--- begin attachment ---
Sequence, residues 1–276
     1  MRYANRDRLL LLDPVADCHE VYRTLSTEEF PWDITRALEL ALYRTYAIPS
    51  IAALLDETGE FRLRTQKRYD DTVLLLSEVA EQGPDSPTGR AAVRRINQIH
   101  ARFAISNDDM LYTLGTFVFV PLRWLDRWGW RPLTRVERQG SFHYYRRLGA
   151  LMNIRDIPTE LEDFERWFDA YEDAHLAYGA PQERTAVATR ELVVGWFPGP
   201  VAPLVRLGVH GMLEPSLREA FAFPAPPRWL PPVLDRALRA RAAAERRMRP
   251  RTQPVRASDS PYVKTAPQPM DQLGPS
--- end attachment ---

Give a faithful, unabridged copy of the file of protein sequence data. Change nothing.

Sequence, residues 1–276
     1  MRYANRDRLL LLDPVADCHE VYRTLSTEEF PWDITRALEL ALYRTYAIPS
    51  IAALLDETGE FRLRTQKRYD DTVLLLSEVA EQGPDSPTGR AAVRRINQIH
   101  ARFAISNDDM LYTLGTFVFV PLRWLDRWGW RPLTRVERQG SFHYYRRLGA
   151  LMNIRDIPTE LEDFERWFDA YEDAHLAYGA PQERTAVATR ELVVGWFPGP
   201  VAPLVRLGVH GMLEPSLREA FAFPAPPRWL PPVLDRALRA RAAAERRMRP
   251  RTQPVRASDS PYVKTAPQPM DQLGPS